NTM bacteria can cause skin and soft tissue infections, isolated lung disease, or it can cause disseminated disease that can attack any organ in the body. Most NTM infections present themselves as an isolated lung disease, with MAC being the most prevalent NTM species observed (Fig. 5, 6). MAC was first identified in elderly male smokers who had emphysema (Saleeb and Olivier). Research and awareness of clinical syndromes caused by NTM began in the 1980s in response to the AIDS epidemic and the surge in disseminated NTM infections associated with HIV/AIDS. Today, disseminated NTM infections have declined dramatically among HIV populations, owing to the use of antiretroviral drugs that boost the body’s immune system (Daley and Griffith).

In 1997, just 50 species of NTM had been identified, with 13 described as respiratory pathogens. Now, more than 50 NTM species have been identified as respiratory pathogens, thanks to high-performance liquid chromatography and DNA probes (Daley and Griffith). Better laboratory techniques have helped to identify new strains of NTM, although a study of pulmonary NTM in Canada from 1998-2010 concluded that improved laboratory methods did not explain a 40% rise in five-year prevalence rates (Marras et al.).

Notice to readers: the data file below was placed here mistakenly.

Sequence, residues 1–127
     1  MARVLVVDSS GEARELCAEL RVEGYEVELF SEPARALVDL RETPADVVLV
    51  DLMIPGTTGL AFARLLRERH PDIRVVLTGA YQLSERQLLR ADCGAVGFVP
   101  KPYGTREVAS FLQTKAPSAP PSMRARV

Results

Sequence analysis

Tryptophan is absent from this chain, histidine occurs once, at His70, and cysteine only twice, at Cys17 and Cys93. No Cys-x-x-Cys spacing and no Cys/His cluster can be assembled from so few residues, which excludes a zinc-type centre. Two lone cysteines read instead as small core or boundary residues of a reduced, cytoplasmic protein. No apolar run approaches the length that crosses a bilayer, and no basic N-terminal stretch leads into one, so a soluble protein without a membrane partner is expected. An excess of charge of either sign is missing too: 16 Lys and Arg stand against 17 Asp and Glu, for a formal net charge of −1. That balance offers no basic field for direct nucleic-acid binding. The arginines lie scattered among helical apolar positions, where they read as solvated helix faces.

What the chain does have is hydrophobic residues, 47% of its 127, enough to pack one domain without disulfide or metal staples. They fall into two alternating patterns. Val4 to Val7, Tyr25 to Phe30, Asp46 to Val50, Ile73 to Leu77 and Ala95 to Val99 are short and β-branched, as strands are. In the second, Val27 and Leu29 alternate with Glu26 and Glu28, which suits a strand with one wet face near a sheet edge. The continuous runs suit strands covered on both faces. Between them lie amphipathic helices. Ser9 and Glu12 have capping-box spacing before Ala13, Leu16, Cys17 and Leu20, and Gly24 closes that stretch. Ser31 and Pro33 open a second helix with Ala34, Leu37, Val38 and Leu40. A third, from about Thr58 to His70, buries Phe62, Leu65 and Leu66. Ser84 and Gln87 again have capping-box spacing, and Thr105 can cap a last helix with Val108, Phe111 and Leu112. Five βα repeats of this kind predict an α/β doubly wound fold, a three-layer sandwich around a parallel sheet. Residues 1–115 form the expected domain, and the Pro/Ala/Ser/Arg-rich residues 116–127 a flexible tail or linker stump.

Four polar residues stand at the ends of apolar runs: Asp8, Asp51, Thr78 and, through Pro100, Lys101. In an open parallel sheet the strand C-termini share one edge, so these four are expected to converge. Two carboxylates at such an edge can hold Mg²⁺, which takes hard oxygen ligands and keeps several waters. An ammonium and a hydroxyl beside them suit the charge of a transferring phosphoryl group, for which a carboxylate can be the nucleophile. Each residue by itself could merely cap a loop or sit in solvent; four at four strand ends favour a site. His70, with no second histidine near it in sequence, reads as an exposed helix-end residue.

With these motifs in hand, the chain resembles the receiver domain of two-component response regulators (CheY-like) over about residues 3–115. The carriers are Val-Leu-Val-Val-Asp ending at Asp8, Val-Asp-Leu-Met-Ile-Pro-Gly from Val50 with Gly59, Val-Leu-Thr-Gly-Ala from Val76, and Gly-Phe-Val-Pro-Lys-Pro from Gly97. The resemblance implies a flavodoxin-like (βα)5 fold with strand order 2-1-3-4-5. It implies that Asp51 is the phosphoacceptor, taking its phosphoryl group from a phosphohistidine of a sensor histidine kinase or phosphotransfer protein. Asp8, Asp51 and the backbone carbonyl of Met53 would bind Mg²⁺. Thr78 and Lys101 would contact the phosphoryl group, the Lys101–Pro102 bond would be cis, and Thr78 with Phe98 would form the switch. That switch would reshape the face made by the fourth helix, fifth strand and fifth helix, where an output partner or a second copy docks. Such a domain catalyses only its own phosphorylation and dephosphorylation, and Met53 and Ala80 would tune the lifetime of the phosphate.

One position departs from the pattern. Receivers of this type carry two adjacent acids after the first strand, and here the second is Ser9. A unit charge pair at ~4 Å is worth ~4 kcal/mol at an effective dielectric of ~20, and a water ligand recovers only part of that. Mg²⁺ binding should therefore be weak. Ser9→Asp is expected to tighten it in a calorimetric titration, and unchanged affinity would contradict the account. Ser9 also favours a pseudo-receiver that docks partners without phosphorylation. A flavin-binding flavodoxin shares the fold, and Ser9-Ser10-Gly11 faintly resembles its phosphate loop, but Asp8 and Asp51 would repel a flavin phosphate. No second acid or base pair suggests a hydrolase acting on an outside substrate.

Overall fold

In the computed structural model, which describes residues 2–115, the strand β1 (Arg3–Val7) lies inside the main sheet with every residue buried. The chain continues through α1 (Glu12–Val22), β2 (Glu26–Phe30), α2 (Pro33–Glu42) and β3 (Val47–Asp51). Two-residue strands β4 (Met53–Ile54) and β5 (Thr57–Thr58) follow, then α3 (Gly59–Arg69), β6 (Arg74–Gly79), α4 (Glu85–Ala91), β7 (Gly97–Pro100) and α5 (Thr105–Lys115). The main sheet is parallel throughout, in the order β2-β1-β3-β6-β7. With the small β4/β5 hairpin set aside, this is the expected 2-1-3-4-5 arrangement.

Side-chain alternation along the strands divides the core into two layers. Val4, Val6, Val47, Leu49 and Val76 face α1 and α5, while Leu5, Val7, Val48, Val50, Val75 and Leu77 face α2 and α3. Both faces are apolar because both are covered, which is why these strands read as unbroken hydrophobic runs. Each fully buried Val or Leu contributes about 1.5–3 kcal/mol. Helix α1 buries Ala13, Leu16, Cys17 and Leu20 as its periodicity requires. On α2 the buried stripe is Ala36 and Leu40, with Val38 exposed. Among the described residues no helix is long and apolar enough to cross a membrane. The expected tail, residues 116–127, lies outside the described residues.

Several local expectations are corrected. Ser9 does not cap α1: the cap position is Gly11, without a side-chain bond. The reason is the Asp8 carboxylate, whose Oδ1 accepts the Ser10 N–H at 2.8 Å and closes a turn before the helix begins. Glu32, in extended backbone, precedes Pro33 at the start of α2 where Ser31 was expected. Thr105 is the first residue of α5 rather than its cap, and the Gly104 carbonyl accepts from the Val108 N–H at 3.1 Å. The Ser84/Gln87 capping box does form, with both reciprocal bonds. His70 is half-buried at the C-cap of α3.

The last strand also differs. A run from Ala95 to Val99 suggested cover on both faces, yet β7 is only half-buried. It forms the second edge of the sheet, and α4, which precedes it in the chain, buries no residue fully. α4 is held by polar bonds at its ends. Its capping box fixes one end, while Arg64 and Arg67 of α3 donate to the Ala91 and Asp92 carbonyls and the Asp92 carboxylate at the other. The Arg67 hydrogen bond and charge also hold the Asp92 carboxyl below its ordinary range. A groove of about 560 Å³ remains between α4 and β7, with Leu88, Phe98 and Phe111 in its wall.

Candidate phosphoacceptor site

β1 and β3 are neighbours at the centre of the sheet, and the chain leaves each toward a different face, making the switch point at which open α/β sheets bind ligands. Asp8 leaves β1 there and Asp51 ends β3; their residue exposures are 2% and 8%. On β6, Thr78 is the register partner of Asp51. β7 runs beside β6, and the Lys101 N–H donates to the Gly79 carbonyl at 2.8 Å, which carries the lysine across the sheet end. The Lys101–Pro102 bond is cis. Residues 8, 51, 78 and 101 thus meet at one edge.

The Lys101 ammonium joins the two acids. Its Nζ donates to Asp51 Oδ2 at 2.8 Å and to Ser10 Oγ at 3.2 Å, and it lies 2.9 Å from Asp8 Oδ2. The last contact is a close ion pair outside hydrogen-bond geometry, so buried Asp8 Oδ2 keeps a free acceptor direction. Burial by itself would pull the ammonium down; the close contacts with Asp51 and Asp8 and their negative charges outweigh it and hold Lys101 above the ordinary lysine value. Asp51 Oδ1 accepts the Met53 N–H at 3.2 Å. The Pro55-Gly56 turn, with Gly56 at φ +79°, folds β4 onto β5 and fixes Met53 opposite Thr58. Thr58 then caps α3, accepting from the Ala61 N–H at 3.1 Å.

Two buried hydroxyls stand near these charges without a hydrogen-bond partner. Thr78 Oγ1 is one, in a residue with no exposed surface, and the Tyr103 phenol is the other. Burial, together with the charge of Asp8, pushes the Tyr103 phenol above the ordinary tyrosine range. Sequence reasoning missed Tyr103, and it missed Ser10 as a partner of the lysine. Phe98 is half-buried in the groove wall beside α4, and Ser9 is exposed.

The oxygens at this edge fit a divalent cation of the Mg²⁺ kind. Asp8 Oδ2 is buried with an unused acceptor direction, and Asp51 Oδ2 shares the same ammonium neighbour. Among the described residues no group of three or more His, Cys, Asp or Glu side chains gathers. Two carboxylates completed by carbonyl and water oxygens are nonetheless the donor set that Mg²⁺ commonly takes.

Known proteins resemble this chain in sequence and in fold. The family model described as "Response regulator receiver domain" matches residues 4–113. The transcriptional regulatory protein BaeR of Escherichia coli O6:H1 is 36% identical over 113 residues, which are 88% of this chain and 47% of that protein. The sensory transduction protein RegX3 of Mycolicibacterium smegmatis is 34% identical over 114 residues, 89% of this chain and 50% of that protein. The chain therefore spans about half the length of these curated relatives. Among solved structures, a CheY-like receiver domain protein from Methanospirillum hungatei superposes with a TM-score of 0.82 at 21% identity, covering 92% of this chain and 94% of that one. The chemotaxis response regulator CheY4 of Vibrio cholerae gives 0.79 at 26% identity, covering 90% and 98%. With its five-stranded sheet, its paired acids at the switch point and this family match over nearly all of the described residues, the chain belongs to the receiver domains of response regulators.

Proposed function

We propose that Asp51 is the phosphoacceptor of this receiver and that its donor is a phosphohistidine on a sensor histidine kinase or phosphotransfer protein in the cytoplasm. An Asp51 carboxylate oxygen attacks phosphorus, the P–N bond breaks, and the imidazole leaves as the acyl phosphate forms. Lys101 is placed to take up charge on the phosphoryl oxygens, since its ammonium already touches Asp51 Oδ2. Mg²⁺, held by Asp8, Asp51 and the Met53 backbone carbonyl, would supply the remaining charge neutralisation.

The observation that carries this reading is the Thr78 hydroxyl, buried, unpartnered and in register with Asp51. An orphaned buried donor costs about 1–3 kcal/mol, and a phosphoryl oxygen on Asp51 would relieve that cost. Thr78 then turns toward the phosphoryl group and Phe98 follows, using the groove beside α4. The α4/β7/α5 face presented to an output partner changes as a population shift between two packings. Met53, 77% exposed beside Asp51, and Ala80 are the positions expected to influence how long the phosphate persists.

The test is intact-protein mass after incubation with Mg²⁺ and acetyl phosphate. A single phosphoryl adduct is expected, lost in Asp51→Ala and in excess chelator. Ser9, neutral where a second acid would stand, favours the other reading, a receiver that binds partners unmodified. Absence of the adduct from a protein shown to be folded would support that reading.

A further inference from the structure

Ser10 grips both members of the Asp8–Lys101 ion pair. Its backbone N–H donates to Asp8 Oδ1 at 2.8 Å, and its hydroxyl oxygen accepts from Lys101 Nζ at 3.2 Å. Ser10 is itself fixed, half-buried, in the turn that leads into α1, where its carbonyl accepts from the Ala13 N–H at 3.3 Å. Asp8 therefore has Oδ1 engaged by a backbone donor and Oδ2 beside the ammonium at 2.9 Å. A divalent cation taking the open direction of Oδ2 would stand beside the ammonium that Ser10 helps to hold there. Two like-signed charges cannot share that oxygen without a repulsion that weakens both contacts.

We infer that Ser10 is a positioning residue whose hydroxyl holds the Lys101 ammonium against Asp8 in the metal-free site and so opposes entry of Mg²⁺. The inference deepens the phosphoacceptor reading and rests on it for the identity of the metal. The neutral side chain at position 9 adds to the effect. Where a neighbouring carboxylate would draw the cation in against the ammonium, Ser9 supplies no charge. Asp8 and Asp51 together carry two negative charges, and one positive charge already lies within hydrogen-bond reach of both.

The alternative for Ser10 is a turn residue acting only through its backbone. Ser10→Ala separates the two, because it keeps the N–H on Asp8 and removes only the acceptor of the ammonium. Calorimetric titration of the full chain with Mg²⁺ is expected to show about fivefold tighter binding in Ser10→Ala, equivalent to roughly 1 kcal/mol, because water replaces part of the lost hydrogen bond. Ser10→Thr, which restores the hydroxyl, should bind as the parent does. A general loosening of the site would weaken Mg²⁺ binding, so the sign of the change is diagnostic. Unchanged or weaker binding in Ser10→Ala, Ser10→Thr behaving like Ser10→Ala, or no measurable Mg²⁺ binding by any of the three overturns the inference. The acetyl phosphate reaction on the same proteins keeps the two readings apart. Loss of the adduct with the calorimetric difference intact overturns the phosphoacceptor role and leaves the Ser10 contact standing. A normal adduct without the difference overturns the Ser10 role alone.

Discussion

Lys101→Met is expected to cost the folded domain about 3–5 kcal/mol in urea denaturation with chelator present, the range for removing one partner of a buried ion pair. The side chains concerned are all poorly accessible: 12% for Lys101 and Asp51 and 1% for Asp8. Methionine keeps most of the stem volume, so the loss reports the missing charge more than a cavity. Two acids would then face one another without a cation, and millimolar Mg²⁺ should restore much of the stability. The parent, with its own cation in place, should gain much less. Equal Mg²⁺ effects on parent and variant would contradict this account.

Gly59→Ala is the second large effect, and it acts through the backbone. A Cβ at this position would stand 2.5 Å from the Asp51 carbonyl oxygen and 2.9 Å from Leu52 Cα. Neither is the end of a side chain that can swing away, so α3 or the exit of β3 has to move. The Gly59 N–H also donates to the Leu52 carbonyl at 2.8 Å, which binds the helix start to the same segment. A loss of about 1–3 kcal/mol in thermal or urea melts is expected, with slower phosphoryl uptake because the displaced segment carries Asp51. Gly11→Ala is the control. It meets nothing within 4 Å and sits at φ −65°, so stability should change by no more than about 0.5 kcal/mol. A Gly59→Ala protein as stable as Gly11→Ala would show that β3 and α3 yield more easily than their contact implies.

Pulmonary NTM disease is an epidemiological challenge because it is not spread from person to person, so reporting is not mandatory in most countries, environmental exposure varies widely by geographic region (Fig. 8). NTM colonization may not result in active infection, and the risk factors for the disease are not well understood (Bodle et al.). In order for NTM to attack, an individual must have a predisposition to the pathogen or injury to the lungs that makes the lungs vulnerable to attack, and a direct environmental exposure to MAC (Fig. 9). No one knows exactly what predisposes individuals to MAC, but the surge in pulmonary NTM infections in the 65 to 74-year-old age group in a Medicare study suggests that some change that occurs with age is a predisposing factor.